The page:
In a session at CRE.Converge this week, a panel of experts led by Bill Finfrock, president, FINFROCK, shared some of the strategies used in construction to keep projects moving forward despite these challenges.

Read the Full Article!

Build-to-Suit vs. Spec: Which Building is Right For a Specific Company?

originally published by K.J. Jacobs for NAIOP National

Building Pic

Businesses that are young and growing might lean toward spec; older, established firms could favor build-to-suits.

When it comes to choosing the right building, there are several questions an organization must ask itself. Is the company at a place where it can invest in a building that will attract prospective employees? Is the company looking for a more temporary or flexible workplace? Is the facility able to support the organization’s needs for production, research, collaboration or innovation? 

Since each company’s requirements, goals and operations are unique, as are each facility’s offerings and characteristics, the answers will vary depending on who’s asking. 

See the Full Article!

Help Needed With Survey for Economic Impacts of CRE

 

Dear NAIOP Chapter Executives:

The NAIOP Research Foundation is currently conducting a brief survey of U.S. members on development costs for office, warehouse/distribution, manufacturing and retail projects. This updated information is needed to complete the 2022 U.S. edition of the Economic Impacts of Commercial Real Estate, and we would appreciate your help promoting the survey to members who are likely to know about development costs for manufacturing and retail properties, as only a few respondents have provided information for these property types.

The survey takes about 2-3 minutes to complete, and we are now offering anyone who provides information on development costs (including those who have already completed the survey) with a $10 Amazon gift card. Please encourage members to complete the survey, either using the personalized link they received on Monday, September 20, or using this open link: https://research.zarca.com/r/hh79EQ If someone else at their firm would be better able to complete the survey or is more familiar with manufacturing or retail projects, members can send them the open link. The survey will now close on October 6.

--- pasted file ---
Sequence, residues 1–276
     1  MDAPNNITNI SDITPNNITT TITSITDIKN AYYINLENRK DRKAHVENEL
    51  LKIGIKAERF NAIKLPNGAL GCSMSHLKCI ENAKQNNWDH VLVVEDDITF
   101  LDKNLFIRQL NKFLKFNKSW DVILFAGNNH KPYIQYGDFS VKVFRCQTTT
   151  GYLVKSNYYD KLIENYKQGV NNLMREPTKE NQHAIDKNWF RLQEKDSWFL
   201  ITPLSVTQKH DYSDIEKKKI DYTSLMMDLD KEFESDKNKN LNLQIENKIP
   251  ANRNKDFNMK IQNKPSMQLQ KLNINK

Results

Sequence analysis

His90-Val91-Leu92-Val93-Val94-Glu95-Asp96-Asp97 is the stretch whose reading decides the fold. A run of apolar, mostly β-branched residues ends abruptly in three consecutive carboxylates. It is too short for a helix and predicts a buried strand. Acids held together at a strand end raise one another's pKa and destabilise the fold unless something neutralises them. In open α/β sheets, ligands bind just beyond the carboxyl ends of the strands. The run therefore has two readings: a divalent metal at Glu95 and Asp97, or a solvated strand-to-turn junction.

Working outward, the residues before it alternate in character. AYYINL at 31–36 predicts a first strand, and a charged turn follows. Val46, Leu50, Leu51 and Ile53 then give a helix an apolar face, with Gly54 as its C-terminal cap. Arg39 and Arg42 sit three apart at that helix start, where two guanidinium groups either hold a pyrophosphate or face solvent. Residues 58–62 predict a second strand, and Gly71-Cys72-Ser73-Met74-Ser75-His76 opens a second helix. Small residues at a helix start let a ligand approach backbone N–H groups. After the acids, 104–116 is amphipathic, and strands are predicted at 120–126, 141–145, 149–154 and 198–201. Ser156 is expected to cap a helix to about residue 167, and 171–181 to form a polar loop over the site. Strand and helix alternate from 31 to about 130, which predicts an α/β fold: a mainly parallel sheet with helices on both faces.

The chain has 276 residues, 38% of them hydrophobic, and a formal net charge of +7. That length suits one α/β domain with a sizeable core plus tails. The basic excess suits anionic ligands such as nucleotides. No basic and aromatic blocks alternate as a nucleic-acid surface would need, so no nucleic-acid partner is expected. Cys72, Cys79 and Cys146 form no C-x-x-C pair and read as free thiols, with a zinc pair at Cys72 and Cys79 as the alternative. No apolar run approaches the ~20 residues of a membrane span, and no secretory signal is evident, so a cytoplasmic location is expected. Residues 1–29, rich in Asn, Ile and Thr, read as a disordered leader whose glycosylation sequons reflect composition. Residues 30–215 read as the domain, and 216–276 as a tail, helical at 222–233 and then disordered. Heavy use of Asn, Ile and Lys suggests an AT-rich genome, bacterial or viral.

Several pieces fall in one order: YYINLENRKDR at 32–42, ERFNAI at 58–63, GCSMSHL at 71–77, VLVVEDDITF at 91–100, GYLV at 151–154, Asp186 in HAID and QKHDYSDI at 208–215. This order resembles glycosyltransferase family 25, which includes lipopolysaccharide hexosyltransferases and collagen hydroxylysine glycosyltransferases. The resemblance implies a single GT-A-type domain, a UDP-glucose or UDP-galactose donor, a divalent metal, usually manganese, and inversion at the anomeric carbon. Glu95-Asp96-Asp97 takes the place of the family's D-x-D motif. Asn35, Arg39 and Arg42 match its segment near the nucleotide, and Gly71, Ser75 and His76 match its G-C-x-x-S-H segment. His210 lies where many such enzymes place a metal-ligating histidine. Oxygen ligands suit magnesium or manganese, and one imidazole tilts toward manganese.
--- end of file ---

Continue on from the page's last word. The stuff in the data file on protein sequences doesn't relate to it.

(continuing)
Read More

Communicating Effectively with CRE Community Stakeholders

Originally published for NAIOP

Building Picture

The logistics market is red-hot, but external forces are trying to cool it. A panel at I.CON West this week in Long Beach, California, addressed technical, regulatory and political challenges facing industrial real estate in Southern California, and shared recommendations for all developers working with decision-makers in their communities.

Read the full article here!

Preparing your Commercial Property for the Market

Building Picture
Property values are soaring, and interest rates are at near-record lows. It’s no wonder many commercial property owners are considering selling their assets to take advantage of one of the strongest sellers’ markets in recent history.
Much like preparing to sell a home, commercial properties need to be appealing to potential buyers. But unlike your home, which might be improved significantly with some simple landscaping and a fresh coat of paint, commercial properties need more than just a physical facelift. They also need fiscal preparation.

Read the full article here!

Buildings account for 39% of global greenhouse emissions — that could be an opportunity for investors

Originally written by Karen Gilchrist on September 17th, 2021 for CNBC.

Investing in sustainable buildings could offer a real solution to reducing emissions in one of the world’s most polluting sectors, said Taronga Ventures, an investment firm focused on sustainable innovation and tech.

Buildings currently represent 39% of global greenhouse emissions, according to U.N. data. Almost one-third (28%) of the global total is the result of running buildings — referred to as operational emissions, while 11% comes from building materials and construction.

Read the full article here!

Four Challenges in Industrial Real Estate Today

Digital Industrial Pic
Originally published for NAIOP
A panel of experts took on the biggest challenges in industrial real estate in the closing panel of the first day of I.CON West 2021, held this week in Long Beach, California. From supply chain stressors to volatile pricing to labor shortages and building design, the issues seem bigger than ever for commercial real estate’s hottest sector. Here’s what these industrial leaders had to say on these topics:
  • Supply chain challenges
  • Spikes in Rent and Demand
  • Building Design and Location
  • Predicting the Future

Read the full article here!

New Report: Industrial Space Demand Forecast

Industrial Space Demand Remains Strong 

Demand for industrial real estate continues to be strong as the long-term trend toward e-commerce (and away from in-store sales) continues with no end in sight. With nearly 100 million new square feet delivered nationally since the beginning of the year, 450 million square feet currently under construction and another 450 million planned, the demand for industrial real estate still outpaces supply.1